Avi is down to five this time, with BITES, while Barry has found BEANIES for seven.  David has spotted the eight of ANISETTE ("a cordial or liqueur flavoured with aniseed").  Nice one!

The other eight is TABINETS (TABINET being a variant spelling of TABBINET: "a fabric resembling poplin, made of silk and wool").  The almost eight is TETANIES* (TETANY: "a state marked by severe intermittent tonic contractions and muscular pain, frequently due to a deficiency of calcium salts"), done in by the Macquarie's reticence about listing plurals for words ending in Y.

The other sevens are TABINET, BETAINE, SATINET / INSTATE ("to put into a certain state, condition, or position"), BEASTIE, ETESIAN ("recurring annually (applied to certain Mediterranean winds)"), BATISTE ("a fine, delicate fabric of plain weave"), and BATTENS.  This last may be familiar as part of the phrase "batten down the hatches", but the reason for that phrase is that a BATTEN is "a strip of wood, as one used to secure the edges of a tarpaulin over a hatchway".


Scores: Avi 10, Barry 35 (49), me 51

Round 6: Target 308 from 100 75 25 3 6 5

The offset of 8 can be made as 5 + 3, so the subtask is to get to 300 with the rest; I went with 308 = 6*(75 - 25) + 5 + 3 (which took me embarrassingly long to see).  Then I noticed an alternative option of 308 = 3*100 + 5 + 75/25.

Barry is 39 points ahead, so Avi is already on the ropes -- he must score unanswered points her to stay in with a chance.  But the target is too easy and both contestants have solved this using the second solution that I listed.  That gives Barry the win before the second break -- quite the drubbing!  Lily demonstrates another solution of 308 = (75 + 6/3)*100/25.

Avi: 308
Barry: 308
Me: 308
Lily: 308

Scores: Avi 20, Barry 45 (59), me 61

Second break: KIWI EELS ("Me, too")

That is, LIKEWISE.

Round 7: X R C E U E S M G


Avi is trending downwards, this time having CUES for four.  Barry has found EXCUSE for six, but missed (or chose not to risk) the extension to EXCUSER that David points out.

The other sevens are EXCURSE ("to go on an excursion") and MUREXES (one plural form of MUREX).


Scores: Avi 20, Barry 51 (65), me 67

Round 8: Target 550 from 50 100 10 3 1 9

Multiples of 25 are rarely problematic, multiples of 50 even less so.  I started with 550 = 9*50 + 100, then noted a couple of alternatives of 550 = (10 + 1)*50 and 550 = (9 - 3 - 1)*(100 + 10).

Again both contestants have solved the numbers round, with the same solution: 550 = (9 - 3 - 1)*100 + 50.  That was also Lily's approach, but David pipes up with an alternative: 550 = (9 - 3)*100 - 50.

Avi: 550
Barry: 550
Me: 550
Lily: 550

Scores: Avi 30, Barry 61 (75), me 77


I failed badly on this one.  I thought that -SHIP was the most likely ending, but somehow could not make it work.  If on the show I might have chanced ENWORSHIP at the last moment, but I knew it was not right.  It actually took me over a minute extra to see OWNERSHIP.  Gah!

I take some consolation in the fact that neither contestant was able to solve this, so it wasn't just me with the oversight.

Update: A commenter points out that SHIPOWNER is also a valid solution, so this is a rare instance of the show using a conundrum with multiple solutions.  (The other instance that I can think of is episode 87.)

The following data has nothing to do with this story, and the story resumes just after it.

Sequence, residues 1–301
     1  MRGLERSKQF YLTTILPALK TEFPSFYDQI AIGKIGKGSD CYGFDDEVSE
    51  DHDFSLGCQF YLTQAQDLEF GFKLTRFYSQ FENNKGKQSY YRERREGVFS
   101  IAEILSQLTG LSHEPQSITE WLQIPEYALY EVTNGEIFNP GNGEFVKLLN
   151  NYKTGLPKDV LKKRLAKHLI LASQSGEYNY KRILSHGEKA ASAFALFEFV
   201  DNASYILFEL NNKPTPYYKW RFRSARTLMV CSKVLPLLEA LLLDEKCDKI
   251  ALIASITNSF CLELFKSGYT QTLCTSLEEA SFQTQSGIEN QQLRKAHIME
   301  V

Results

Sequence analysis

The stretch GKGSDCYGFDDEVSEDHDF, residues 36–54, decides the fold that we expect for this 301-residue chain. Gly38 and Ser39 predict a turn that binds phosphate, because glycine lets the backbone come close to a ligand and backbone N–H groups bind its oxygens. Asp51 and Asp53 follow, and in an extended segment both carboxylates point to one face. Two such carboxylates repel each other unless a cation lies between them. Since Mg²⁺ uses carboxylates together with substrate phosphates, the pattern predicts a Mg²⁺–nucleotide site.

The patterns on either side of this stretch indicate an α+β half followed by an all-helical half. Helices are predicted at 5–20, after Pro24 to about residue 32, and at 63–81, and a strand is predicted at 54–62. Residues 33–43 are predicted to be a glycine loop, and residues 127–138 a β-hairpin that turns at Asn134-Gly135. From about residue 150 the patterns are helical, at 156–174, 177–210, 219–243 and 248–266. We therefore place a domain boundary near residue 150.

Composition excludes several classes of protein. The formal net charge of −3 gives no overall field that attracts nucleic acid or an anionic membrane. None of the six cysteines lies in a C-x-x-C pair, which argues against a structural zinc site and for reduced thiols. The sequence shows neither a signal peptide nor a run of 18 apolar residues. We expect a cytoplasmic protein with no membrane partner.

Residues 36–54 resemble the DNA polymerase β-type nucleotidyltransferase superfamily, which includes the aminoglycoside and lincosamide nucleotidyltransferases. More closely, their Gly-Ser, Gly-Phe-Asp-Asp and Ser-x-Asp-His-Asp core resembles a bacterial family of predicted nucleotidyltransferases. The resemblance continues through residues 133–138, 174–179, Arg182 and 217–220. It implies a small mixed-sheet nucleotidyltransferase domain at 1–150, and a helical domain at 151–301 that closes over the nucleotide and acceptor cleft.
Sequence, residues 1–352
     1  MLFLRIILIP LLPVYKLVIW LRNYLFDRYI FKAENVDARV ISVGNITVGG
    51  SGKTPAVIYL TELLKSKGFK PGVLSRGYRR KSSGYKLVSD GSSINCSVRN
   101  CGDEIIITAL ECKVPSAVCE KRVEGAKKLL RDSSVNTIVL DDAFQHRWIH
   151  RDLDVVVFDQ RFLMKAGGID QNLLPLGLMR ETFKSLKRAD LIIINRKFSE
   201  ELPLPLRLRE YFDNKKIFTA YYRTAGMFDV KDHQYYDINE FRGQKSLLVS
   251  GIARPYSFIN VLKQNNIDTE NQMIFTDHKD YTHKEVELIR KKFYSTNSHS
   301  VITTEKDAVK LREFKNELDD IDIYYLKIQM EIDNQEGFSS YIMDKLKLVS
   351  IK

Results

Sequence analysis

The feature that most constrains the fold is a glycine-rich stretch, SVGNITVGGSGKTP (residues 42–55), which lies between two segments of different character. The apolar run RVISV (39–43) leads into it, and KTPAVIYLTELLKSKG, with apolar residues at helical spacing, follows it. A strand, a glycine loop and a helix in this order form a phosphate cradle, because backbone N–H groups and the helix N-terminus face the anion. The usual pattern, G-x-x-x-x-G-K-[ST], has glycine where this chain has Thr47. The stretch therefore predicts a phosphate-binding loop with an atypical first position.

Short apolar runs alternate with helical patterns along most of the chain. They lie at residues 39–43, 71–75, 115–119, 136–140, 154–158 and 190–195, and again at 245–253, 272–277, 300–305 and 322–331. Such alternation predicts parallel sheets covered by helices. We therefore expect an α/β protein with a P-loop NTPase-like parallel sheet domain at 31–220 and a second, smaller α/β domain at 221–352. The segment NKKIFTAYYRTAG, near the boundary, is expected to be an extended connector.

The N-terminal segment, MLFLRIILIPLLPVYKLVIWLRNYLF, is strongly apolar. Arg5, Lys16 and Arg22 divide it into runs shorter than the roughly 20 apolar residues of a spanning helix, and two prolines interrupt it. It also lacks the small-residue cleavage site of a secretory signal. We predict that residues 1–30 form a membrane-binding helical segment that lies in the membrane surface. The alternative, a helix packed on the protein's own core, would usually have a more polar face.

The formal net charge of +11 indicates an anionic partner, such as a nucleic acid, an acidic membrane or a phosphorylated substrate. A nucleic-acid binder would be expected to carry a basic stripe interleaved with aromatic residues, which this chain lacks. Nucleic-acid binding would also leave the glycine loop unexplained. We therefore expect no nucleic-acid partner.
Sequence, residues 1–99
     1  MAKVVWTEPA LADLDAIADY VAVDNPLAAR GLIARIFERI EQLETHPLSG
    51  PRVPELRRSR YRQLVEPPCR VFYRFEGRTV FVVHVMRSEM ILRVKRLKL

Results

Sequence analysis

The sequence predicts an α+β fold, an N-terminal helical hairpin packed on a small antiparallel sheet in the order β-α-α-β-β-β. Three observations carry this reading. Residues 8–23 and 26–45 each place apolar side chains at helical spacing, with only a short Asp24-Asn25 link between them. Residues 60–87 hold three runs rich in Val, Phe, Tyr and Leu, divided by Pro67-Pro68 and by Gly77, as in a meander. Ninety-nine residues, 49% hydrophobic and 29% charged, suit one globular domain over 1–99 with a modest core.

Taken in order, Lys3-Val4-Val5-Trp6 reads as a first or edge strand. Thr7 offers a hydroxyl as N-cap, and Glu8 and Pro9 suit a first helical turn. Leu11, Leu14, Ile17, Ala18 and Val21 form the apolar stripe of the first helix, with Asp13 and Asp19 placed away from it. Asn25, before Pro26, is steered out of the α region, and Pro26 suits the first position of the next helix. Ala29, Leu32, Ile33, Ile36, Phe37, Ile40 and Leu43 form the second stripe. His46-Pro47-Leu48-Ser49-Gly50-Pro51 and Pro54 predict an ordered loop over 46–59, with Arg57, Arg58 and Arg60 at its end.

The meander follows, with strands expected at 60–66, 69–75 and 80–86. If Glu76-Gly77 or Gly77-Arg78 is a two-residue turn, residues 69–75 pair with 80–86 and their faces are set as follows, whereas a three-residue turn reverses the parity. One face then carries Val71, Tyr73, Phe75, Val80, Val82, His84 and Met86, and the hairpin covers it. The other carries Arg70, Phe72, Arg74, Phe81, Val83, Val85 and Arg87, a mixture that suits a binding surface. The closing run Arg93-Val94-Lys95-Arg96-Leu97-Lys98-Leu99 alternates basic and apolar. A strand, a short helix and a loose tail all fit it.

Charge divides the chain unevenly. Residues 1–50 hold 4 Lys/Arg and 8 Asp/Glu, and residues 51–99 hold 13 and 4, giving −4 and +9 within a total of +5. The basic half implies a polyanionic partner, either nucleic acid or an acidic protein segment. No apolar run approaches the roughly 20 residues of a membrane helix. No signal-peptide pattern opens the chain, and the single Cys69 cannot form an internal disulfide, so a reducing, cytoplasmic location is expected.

Avi: [no answer]
Barry: [no answer]
Me: [no answer]

Scores: Avi 30, Barry 61 (75), me 77

This was a very one-sided game, with Barry scoring points in every main round while Avi was only able to get points from the numbers.  Since those letters rounds included a full monty for Barry, it's no surprise that the final margin was very large in his favour.  If only the conundrum had been a little more tractable, he would have debuted with a score in the eighties, and that would have been quite the achievement.

It seems to me that Barry has been the best of the contestants so far, so I'm making an early call that Barry will successfully retire.  I definitely felt a bit fortunate to end up ahead of him by enough to be safe at the conundrum, and I'll not be at all surprised if he hands me my first loss of the series.  (Although I will, of course, aim to prevent that.)  That said, the numbers were a fairly gentle lot tonight, so we've yet to get an idea of how he handles those.


Mike Backhouse said...

Well done on the full monty Geoff.

FISHES then FASHION just after
Geoff's way
had EXCUSER but went with the safter EXCUSE
x but did come up with POWERSHIN (I wish...)

Mike Backhouse said...

Just realised that I used S twice in FISHES.

Geoff Bailey said...

POWERSHIN sounds like an excellent thing to have in a soccer match!

Sam G said...

Barry helped out with the UNICEF L&N function in Melbourne last year. He said he'd been a contestant and producer on the show, but I didn't recognise him at the time.

3. 375 = 75*(7-2)
6. 308 = 3*100 + 5 + 75/25
8. 550 = (10+1)*50
9. OWNERSHIP - 12s

Unknown said...

Just a second or two too late I saw 2 solutions to the conundrum OWNERSHIP and SHIPOWNER. The show aims to have a unique solution but slipped up this time.

Geoff Bailey said...

Thanks for catching that, Unknown responder. Post adjusted to make a note of that; this is the second case that I'm aware of (the other being episode 87). And now that you've pointed it out, I think I'd stumbled across this ambiguity before, when choosing conundrums, and so had to avoid using it.